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Chapter 4

Beyond the Basics

 In this chapter, we describe some of the finer
points of MATLAB and review in more detail
some of the concepts introduced in Chapter 2.
 We explore enough of MATLAB’s internal
structure to improve your ability to work with
complicated functions, expressions, and
 At the end of this chapter, we introduce some
of the MATLAB commands for doing calculus.
Suppressing Output
 Some MATLAB commands produce output that is
 For example, when you assign a value to a variable,
MATLAB echoes the value.
 But, as we mentioned briefly in Chapter 2, you can
suppress the output of a command by putting a
semicolon after the command. Here is an example.
The semicolon does not affect the way MATLAB
processes the command internally, as you can see
from its response to the command z.
 You can also use semicolons to separate a series of
commands when you are interested only in the
output of the final command (several examples
appear later in the chapter).
 As we noted in Chapter 2, commas can also be used
to separate commands – without suppressing output.
 If you use a semicolon after a graphics command, it
will not suppress the graphic.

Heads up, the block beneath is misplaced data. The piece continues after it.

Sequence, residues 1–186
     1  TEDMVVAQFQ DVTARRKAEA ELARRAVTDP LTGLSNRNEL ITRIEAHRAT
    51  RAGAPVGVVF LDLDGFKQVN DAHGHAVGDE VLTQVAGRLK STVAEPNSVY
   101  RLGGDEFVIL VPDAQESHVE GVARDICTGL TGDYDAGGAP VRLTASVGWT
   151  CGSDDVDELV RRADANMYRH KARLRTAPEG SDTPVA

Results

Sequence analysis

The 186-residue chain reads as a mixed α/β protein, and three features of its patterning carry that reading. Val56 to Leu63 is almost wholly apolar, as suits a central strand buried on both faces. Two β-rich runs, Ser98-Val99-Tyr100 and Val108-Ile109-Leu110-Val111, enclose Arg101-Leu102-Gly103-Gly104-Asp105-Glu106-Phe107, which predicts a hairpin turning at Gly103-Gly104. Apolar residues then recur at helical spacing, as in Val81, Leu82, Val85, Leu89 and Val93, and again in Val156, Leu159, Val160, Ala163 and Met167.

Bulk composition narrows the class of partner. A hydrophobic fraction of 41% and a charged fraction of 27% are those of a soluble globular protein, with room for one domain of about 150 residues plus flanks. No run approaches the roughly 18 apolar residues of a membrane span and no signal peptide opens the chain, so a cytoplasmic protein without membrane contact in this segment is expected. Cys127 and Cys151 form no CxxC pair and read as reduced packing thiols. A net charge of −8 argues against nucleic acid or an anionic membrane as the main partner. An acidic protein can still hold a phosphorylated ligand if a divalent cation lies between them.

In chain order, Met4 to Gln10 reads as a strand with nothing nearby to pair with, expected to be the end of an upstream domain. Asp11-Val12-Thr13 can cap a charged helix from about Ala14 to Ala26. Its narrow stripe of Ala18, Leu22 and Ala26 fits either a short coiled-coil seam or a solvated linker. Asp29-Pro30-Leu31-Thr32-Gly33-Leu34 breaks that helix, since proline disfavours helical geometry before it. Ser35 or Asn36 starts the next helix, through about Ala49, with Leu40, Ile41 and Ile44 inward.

➯ The most common use of the semicolon is to
suppress the printing of a long vector or big
 Another object that you may want to suppress is
MATLAB’s label for the output of a command.
 The command disp is designed to achieve that;
typing disp(x) will print the value of the variable x
without printing the label and the equal sign. So
>> x = 7; disp(x)
>> disp(solve(’x + tan(y) = 5’, ’y’))
Data Classes
 Every variable you define in MATLAB, as well as every
input to, and output from, a command, is an array of
data belonging to a particular class.
 In this book we use primarily the following types of
data: floating-point numbers, symbolic expressions,
character strings, function handles, and inline
 We introduced each of these types in Chapter 2.
 In Table 4.1, we list for each type of data its class (as
given by whos) and how you can create it.
 You can think of an array as a two-dimensional grid
of data. A single number (or symbolic expression) is
regarded by MATLAB as a 1×1 array, sometimes
called a scalar.
 A 1×n array is called a row vector, and an m×1